SEC Chair Is Fine With Remote Work Despite Push Back From Wall Street
- SEC Chairman Gary Gensler was asked about remote work in an interview with CNBC on Friday.
- His employees are under a voluntary remote work policy — “that’s where we’re at,” Gensler said
- Other Wall Street executives are not keen on working remotely, the report said.
As Wall Street executives continue to discuss office work — and the return of some stressed workers — SEC bosses haven’t given up on remote work.
SEC Chairman Gary Gensler said in an interview with CNBC Friday Zoom interview His employees are doing well while working remotely.
Gensler acknowledged the benefits of being in the office for David Faber, but said his employees can choose where they want to work.
“We’ve worked with our negotiating units, union representatives, and we’ve moved to voluntary remote. That’s where we’re at,” Gensler said.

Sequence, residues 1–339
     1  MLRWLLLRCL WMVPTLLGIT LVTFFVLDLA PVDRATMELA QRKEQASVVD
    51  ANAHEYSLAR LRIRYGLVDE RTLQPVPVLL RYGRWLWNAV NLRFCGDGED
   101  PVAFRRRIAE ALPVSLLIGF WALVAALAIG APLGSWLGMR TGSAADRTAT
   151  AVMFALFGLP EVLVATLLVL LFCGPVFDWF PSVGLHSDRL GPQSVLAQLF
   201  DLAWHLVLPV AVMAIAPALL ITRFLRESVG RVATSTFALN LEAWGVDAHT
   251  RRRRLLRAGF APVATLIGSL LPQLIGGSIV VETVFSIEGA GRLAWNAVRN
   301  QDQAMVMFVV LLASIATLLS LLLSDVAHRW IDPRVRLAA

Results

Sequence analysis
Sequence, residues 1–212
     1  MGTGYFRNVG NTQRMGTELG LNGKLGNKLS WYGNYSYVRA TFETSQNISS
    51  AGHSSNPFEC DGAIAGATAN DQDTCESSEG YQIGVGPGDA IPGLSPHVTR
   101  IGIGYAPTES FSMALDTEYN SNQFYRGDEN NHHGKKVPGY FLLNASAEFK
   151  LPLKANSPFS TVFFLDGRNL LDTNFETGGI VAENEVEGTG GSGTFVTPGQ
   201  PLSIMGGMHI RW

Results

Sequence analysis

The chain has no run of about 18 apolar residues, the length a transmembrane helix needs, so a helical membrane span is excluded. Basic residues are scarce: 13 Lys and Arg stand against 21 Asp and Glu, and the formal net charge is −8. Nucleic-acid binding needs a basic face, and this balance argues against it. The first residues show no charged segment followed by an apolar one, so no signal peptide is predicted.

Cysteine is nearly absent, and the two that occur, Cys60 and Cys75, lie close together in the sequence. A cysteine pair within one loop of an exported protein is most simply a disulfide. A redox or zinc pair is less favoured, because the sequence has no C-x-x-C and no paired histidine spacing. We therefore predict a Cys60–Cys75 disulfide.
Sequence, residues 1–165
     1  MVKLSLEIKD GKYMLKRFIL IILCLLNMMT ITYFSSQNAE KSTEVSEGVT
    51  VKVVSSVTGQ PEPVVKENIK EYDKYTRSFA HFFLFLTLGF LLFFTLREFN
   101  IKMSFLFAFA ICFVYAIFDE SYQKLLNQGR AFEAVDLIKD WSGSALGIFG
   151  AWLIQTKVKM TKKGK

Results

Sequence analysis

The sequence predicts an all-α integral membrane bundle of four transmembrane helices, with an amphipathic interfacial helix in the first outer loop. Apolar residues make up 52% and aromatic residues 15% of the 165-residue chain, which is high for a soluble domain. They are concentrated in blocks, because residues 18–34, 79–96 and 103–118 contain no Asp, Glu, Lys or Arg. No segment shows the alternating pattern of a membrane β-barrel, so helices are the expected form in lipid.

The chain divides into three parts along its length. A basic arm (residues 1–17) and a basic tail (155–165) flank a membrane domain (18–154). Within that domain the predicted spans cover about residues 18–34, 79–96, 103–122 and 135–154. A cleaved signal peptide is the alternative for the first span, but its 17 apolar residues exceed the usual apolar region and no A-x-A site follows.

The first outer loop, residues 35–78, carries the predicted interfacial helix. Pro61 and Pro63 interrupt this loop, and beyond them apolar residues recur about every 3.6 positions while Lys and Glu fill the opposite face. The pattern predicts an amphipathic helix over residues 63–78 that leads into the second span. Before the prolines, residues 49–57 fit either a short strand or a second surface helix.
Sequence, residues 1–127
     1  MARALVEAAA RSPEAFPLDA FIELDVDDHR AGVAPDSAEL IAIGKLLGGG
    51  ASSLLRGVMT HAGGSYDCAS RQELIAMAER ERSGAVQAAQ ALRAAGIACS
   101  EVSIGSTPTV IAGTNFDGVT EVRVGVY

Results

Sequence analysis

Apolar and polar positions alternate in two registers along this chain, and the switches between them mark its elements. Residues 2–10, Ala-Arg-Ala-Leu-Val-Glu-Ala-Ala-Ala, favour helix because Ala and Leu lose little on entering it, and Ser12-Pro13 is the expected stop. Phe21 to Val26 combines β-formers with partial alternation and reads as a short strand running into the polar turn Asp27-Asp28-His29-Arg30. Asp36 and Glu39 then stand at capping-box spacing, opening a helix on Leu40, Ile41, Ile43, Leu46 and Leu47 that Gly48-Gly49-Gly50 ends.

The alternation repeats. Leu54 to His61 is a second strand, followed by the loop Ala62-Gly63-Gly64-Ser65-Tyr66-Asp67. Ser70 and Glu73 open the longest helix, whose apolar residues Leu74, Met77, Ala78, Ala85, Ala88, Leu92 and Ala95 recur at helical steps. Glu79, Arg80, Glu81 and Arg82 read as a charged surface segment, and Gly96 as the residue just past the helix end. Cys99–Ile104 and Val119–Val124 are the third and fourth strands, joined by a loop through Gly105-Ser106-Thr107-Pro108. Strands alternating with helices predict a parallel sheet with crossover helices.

JPMorgan Chase CEO Jamie Dimon made headlines for his views on remote work, which he countered during a client call in August, according to Insider’s Hannah Towey.
He reportedly criticized the way of working, saying “Slow down honesty and decision-making,” the report said.
According to the New York Post, job security on Wall Street suffers as incomes fall. In July, both JPMorgan and Morgan Stanley reported “surprisingly sharp declines in profits,” the report said.
Gensler had no further comment on the topic, although remote work remains a topic within the private sector.
A banking source explained Wall Street’s old perception of job security. “In the ’80s, we had a proverb on Wall Street: If you’re sitting at your desk, they can’t take your desk away from you.”